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kenny soto successful meetings post

The Two Essential Parts of a Successful Meeting

Meetings can be a chore but, they are necessary.

Regardless of what you do for your business, eventually you will have to conduct or be a part of a team meeting. I have attended meetings in multiple school clubs, so my experience is limited. However, if there is one thing I have noticed is that, not all meetings are productive. 

After much consideration, I have come to the conclusion that there are two aspects of a meeting that can make it, so no one is wasting their time: an agenda and meeting minutes.

An agenda is your Gandalf, leading you to Mordor.*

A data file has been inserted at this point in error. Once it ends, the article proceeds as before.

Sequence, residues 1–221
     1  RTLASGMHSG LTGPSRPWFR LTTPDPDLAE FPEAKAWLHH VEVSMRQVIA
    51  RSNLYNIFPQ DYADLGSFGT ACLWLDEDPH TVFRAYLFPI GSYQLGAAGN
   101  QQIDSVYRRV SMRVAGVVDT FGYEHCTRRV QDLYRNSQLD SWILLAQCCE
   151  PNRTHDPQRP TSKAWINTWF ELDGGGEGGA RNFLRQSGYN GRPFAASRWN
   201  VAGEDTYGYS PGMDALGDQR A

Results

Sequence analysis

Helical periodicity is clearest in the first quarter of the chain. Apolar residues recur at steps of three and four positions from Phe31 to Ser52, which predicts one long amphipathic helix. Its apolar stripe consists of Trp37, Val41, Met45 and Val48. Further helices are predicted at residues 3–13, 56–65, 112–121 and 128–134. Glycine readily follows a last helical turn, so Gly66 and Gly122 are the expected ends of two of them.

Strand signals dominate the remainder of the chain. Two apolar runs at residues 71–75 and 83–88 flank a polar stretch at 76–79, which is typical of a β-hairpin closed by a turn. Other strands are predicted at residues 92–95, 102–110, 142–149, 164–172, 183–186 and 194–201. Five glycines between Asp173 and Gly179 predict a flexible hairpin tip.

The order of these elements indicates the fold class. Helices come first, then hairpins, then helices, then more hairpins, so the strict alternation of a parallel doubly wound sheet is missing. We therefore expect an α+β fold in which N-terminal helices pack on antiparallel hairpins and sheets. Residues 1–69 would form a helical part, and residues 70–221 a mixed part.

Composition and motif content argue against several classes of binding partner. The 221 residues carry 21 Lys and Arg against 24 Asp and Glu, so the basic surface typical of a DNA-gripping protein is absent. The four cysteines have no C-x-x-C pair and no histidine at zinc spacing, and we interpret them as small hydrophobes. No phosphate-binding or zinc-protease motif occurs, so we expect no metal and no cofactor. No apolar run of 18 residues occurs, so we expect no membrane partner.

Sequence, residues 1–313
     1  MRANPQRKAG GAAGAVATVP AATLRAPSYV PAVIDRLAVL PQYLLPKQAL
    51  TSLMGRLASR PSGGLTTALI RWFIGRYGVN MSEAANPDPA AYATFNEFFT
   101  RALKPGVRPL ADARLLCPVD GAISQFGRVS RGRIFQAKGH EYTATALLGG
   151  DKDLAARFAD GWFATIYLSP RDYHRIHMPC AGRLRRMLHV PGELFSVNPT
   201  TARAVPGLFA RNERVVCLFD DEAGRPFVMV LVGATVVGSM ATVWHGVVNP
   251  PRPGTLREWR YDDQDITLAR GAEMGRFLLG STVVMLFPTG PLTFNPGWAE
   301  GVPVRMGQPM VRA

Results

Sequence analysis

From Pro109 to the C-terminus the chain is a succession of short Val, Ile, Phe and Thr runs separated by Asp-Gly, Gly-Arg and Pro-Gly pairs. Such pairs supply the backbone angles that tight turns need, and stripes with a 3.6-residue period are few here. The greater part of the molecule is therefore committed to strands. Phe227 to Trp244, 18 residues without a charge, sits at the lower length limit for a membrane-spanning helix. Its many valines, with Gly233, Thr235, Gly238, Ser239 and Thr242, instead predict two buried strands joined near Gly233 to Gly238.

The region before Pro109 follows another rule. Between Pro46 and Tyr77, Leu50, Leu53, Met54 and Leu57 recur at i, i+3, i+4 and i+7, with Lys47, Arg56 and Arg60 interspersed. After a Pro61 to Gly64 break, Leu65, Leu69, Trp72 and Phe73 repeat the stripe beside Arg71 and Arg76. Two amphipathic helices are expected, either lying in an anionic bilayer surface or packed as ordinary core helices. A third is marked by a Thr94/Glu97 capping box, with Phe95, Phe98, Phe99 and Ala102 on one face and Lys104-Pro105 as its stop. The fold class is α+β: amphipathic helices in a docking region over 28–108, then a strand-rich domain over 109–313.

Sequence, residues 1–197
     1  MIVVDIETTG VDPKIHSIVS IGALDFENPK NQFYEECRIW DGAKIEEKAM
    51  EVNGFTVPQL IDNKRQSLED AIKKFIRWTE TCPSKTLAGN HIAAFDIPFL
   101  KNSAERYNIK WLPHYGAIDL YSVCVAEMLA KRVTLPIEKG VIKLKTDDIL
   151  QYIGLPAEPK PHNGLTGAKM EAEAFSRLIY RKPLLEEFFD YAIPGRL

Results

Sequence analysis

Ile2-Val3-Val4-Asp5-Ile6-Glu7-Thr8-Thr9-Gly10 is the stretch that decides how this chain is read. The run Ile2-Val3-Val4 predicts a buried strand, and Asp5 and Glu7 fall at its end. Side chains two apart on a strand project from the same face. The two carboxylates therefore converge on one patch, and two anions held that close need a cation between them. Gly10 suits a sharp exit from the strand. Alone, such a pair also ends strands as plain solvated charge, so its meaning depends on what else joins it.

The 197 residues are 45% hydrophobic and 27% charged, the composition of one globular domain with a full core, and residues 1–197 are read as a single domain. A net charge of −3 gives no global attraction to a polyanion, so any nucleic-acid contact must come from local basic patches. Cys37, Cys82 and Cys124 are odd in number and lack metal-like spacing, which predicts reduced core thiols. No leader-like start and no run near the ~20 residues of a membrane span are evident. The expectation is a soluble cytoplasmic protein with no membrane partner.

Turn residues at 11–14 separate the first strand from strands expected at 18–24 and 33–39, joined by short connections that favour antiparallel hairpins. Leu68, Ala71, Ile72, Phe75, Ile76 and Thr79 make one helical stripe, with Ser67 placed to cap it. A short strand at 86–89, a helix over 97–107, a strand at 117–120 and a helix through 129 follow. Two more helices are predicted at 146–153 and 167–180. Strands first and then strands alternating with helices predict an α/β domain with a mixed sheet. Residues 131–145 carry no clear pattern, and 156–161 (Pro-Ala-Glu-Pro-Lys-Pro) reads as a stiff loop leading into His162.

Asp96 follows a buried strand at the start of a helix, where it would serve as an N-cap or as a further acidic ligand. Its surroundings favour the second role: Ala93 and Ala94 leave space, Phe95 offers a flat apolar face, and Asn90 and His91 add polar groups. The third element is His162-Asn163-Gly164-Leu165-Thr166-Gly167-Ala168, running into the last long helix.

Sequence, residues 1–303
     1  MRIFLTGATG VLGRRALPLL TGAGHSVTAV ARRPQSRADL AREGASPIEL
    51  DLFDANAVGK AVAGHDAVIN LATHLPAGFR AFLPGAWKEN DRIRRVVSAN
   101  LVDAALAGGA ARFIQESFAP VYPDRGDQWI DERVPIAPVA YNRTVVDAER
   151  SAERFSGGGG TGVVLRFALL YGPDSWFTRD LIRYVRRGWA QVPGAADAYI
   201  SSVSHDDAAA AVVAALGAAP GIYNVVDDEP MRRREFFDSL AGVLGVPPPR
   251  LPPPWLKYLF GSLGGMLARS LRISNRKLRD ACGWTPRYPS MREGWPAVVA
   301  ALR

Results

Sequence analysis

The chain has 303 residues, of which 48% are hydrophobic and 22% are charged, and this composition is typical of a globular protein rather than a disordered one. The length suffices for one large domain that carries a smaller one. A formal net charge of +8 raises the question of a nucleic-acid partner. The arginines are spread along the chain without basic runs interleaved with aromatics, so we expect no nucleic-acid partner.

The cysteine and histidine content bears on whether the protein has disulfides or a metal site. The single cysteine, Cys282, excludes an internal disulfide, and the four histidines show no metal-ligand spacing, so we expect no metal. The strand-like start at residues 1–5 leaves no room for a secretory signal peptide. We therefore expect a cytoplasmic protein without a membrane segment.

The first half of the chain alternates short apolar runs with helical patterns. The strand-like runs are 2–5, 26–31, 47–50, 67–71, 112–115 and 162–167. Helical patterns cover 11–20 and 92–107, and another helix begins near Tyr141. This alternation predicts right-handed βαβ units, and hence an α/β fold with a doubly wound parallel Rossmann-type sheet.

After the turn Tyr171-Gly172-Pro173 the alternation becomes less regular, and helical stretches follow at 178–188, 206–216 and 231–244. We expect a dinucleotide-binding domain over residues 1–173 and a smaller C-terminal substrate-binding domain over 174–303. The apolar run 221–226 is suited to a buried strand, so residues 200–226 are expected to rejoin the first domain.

When I became the secretary for my fraternity I didn’t have much training, so I had no idea what was expected of me during the first executive meeting. It was a daunting experience, one that doesn’t seem as scary now. I realized however that I would have a significant impact on how our team would be organized very early on when the president of our team asked me to start writing the agendas. 

Now first and foremost, I am still debating over whether or not one person should ultimately decide what is on the agenda for any meeting. But, at the end of the day, there needs to be a directed discussion about something. No matter what your team’s overall objectives are, they have to be organized to save time. 

I have witnessed meetings that lead to nowhere because we either have too much oversight on important topics that need to be covered or because we didn’t have enough time in the meeting to discuss it. I personally have adopted the Steve Jobs way of conducting meetings: if there is no agenda, please do not waste my time.